The NPT has three pillars: disarm nuclear states, ensure nonproliferation among nonnuclear states and encourage the safe use of civilian nuclear technology. The 2010 review conference has laid out a series of concrete actions that states must take to work toward those three goals. "That's a novel measure," says William Potter of the Monterey Institute of International Studies, who has attended four NPT review conferences as an adviser to the delegation of Kyrgyzstan. "We now have a scorecard with specific benchmarks against which the NPT parties can be judged during the next five-year review cycle."
Many states, including the U.S., had to make major compromises and accept a diluted text, but, Potter says, such horse-trading was inevitable, given that the conference's final document required the approval of all 189 signatory countries. "It's very rare for 100 states to agree on anything," he says. "For them to reach consensus on a number of practical steps touching on the most sensitive issues of national security must be regarded as a major accomplishment."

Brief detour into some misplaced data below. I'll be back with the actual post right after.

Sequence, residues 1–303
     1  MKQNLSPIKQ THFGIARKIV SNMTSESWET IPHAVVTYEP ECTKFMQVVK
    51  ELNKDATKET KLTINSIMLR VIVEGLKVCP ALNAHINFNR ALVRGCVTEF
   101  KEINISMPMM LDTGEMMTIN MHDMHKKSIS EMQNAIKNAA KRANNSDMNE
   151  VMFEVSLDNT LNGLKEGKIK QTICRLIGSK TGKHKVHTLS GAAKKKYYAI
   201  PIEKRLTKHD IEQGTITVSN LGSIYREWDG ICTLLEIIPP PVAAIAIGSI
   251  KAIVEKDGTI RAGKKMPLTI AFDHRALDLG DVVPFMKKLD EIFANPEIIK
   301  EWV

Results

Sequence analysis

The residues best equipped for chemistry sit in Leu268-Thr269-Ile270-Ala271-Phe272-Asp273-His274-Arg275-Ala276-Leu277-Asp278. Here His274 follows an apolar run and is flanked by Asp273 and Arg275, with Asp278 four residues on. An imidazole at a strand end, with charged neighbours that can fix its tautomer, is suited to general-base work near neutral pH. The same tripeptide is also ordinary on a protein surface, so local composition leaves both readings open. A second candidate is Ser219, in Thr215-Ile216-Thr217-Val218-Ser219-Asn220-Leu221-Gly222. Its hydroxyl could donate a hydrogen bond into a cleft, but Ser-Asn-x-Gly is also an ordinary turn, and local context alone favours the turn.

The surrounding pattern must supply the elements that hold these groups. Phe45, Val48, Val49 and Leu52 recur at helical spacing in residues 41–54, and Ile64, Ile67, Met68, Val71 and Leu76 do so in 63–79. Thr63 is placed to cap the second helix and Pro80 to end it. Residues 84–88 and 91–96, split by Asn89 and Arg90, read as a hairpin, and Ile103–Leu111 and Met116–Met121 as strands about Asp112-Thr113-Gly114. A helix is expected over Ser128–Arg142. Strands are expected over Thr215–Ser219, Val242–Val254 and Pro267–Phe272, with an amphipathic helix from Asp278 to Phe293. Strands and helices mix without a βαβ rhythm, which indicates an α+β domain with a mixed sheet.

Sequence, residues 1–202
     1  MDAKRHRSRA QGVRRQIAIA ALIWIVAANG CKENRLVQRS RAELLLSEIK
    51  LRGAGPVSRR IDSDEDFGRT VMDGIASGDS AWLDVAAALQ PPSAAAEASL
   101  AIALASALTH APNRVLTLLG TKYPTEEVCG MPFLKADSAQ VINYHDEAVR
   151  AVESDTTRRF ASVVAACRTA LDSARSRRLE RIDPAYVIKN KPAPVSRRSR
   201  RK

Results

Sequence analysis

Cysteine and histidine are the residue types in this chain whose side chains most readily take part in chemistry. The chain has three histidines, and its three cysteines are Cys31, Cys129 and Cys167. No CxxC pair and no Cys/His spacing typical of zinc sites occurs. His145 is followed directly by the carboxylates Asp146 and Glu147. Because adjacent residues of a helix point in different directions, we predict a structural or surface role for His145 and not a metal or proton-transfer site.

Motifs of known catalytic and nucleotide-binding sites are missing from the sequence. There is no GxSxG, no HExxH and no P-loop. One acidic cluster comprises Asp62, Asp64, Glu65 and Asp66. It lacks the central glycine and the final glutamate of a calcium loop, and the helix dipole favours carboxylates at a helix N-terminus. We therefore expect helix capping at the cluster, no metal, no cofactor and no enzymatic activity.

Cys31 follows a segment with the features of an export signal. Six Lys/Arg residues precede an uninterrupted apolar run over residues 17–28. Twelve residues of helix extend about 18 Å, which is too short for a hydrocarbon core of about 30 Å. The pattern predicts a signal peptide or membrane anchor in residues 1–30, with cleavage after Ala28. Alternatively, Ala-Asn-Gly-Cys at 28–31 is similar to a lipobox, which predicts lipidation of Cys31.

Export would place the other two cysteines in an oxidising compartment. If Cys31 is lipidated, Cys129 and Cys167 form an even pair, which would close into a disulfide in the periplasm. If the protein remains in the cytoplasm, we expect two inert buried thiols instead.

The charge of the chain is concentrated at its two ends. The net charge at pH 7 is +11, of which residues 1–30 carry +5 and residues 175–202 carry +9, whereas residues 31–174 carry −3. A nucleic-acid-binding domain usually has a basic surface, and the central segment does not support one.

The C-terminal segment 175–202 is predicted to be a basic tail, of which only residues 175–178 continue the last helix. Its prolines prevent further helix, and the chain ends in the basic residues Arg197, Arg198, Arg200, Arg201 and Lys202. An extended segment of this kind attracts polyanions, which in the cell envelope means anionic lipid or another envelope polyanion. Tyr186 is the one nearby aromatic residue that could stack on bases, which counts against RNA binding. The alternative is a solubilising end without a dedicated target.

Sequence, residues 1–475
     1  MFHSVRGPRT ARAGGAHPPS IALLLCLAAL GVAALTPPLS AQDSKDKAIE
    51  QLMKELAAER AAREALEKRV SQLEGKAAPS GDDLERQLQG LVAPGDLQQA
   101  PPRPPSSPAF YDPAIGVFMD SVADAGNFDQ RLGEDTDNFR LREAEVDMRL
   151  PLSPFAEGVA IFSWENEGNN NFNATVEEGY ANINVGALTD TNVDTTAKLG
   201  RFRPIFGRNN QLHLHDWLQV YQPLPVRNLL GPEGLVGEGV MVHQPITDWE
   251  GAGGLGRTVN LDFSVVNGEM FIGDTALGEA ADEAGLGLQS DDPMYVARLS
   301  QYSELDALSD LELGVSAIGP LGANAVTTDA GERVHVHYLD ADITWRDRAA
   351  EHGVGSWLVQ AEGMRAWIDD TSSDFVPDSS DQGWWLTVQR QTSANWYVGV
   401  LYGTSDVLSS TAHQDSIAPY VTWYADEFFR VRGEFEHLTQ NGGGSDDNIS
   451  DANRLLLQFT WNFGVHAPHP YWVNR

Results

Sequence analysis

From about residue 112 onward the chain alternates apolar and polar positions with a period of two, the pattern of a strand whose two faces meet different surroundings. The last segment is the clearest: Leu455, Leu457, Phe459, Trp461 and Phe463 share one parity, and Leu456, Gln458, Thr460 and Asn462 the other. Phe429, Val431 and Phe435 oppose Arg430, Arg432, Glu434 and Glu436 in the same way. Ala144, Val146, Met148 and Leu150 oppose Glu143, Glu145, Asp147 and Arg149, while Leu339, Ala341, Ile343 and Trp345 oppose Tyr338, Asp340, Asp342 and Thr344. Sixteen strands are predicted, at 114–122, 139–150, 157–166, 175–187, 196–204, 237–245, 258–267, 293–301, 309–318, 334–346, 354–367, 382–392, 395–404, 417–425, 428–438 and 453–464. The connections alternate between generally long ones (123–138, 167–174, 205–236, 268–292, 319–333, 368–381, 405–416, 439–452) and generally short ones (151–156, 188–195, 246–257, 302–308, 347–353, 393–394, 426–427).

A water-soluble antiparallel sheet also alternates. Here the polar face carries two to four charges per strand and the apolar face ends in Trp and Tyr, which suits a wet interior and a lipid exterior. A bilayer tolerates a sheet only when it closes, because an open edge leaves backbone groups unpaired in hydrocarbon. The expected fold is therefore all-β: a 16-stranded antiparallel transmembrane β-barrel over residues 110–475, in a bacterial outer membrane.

The 2005 NPT review conference failed to reach consensus in large part because nonnuclear states felt that the nuclear powers especially the U.S., under George W. Bush were not meeting their NPT obligations to disarm. That remained one of the sticking points during negotiations at this year's conference, with the so-called Non-Aligned Movement of nonnuclear states pushing France, Britain, China, Russia and the U.S. to accept a commitment to dismantle all nuclear weapons by 2025. (Nuclear-armed India and Pakistan, and Israel, which is suspected of having the bomb, are not signatories to the NPT, and North Korea withdrew in 2003.) The weapons states were never going to agree to such a bold disarmament agenda, Choubey says, but reached a compromise by agreeing to language in the final document that called for "further efforts to ultimately eliminate all types of nuclear weapons."